Inside the Times | Mike Fancher
National study gives Washington a big, fat "F" in easing access to government information
We got an "F"! How could we get an "F"? Yes, us, Washington state. We got a failing grade for open government. How is that possible after...
Seattle Times editor-at-large
We got an "F"! How could we get an "F"?
Yes, us, Washington state. We got a failing grade for open government. How is that possible after all that our citizens, elected leaders, courts and media have done in the name of openness? An "F"! It was embarrassing last week when Washington was listed among the states whose freedom-of-information (FOI) laws need reform. No excuse that 37 other states got the same failing grade. We expect more from ourselves, don't we?
The assessment came from the Better Government Association and the National Freedom of Information Coalition, both independent government watchdog organizations. The BGA/NFOIC scorecard had five criteria for evaluating whether state laws have built-in mechanisms to help citizens gain access to government information.
Washington ranked 16th, with 9 of a possible 16 points. That 56 percent achievement got a letter grade of "F". No state got an "A" and only two states, Nebraska and New Jersey, got "B's".
"Freedom-of-information laws are only as good as the response mechanisms built into the laws themselves," the organizations said in releasing the data. "After all, if citizens can't take action to enforce their right of access shy of filing suit, what good are FOI laws? When it comes to responsiveness measures, not much good at all."
The organizations also said, "The tools available to citizens to enforce their rights under state FOI laws are, with rare exceptions, endemically weak."
Washington's laws failed on two of the five criteria — expedited review and sanctions.
"Expedited review means that a case's priority on a court's docket will be put in front of other matters because of time concerns. Without an expedited process, it may be months or years before an appeal is heard and resolved in a congested court docket.
"As a result, the enormous costs of a lengthy court battle may prevent a citizen from challenging a denial. Furthermore, lengthy court battles will render time-sensitive documents useless. Absent an expedited process, litigation may serve as [a] tool to stall the production of records until the records are no longer of use, or until the citizen simply gives up on the request."
States that don't provide for an expedited process in their public-record statute received a score of 0, and Washington got the goose egg.
The "sanctions" criterion was a test of whether the law levies penalties against state employees if a court finds they violated the law. "Without a sanctions provision, a public-records statute means very little. It is only when an agency is punished for breaking the law that the law will be followed," the report argued.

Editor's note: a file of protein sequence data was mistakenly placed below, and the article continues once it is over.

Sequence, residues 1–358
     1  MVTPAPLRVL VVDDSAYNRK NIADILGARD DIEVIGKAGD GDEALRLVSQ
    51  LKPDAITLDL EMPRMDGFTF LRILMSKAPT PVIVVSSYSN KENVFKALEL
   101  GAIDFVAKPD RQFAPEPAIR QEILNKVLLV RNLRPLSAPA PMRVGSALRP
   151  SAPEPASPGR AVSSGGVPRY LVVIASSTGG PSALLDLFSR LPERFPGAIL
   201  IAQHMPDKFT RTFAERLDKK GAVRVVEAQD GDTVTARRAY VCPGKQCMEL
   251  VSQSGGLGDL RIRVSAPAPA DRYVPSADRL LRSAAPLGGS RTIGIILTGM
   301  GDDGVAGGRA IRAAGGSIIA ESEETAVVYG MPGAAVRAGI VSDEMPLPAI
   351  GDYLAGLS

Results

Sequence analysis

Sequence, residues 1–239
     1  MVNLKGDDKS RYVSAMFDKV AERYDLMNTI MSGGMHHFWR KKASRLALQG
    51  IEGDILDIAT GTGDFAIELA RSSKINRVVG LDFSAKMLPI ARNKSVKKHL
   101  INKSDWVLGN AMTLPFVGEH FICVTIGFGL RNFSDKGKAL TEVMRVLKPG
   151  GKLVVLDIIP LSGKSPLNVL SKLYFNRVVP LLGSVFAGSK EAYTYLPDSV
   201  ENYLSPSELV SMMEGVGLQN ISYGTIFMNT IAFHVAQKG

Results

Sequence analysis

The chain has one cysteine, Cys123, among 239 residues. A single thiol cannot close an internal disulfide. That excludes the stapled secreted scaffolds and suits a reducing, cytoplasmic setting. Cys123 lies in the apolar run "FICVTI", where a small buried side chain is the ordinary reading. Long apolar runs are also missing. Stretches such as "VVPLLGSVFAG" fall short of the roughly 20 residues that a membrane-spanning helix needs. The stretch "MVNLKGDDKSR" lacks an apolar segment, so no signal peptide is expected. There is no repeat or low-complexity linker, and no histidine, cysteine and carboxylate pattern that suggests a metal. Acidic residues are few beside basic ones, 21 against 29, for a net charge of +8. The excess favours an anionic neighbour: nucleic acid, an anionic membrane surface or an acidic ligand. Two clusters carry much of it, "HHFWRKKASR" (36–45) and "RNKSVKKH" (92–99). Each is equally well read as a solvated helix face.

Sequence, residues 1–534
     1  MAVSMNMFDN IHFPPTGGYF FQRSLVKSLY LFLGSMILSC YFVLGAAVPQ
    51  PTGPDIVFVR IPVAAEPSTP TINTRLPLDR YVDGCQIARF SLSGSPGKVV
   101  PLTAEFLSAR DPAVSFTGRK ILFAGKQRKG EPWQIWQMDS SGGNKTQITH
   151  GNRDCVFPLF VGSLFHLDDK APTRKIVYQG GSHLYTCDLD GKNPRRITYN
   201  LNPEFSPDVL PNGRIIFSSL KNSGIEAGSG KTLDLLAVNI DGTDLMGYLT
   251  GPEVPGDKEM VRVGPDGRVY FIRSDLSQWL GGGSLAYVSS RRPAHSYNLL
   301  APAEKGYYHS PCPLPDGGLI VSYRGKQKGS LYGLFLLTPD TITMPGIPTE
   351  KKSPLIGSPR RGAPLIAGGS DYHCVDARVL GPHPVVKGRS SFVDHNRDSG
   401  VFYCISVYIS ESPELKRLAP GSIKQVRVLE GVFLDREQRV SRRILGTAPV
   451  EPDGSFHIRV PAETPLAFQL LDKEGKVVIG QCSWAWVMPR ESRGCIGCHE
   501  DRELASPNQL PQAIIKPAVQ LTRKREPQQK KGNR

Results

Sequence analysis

"States that do not specifically punish an agency for non-compliance with the statute received no points," and that's where the study placed Washington. Another goose egg.
The report contends states that do not specifically punish noncompliance "lack a serious commitment to the policy underlying an open-records act."
Washington's law gives courts the discretion to assess penalties, but that doesn't often happen. There isn't much incentive for a citizen to go to the trouble and expense to sue to get records, nor is there much disincentive for a state employee to withhold records.
States that provide for either criminal or civil sanctions in the event there is a violation of the law got one point. States that provide for both criminal and civil sanctions got two. States that provide for criminal and/or civil sanctions and increase those sanctions for multiple offenses got three. And states that allowed for termination of an employee who violates the statute got four points.
Of the latter group the report said, "These states provide for the individual employee who has violated the statute to be held directly responsible for his or her wrongful conduct. While fines may be paid out of the agency budget, this provision mandates direct accountability and is most likely to result in compliance."
Jay Stewart, executive director of the Better Government Association, put an interesting competitive spin on the state rankings: "The Freedom of Information Act is an incredibly important tool in helping citizens understand how their government works. Just as states compete amongst each other to be the best in education, business environment and tax policy, the states should compete to be the best in responding to citizens' requests for public information, information they pay for with their tax dollars."
That's a worthy incentive for Washington to undertake reforms, but avoiding an "F" should be incentive enough.
Inside The Times appears in the Sunday Seattle Times. If you have a comment on news coverage, write to Michael R. Fancher, P.O. Box 70, Seattle, WA 98111, call 206-464-3310 or send e-mail to email@example.com. More columns at www.seattletimes.com/columnists
Copyright © 2007 The Seattle Times Company
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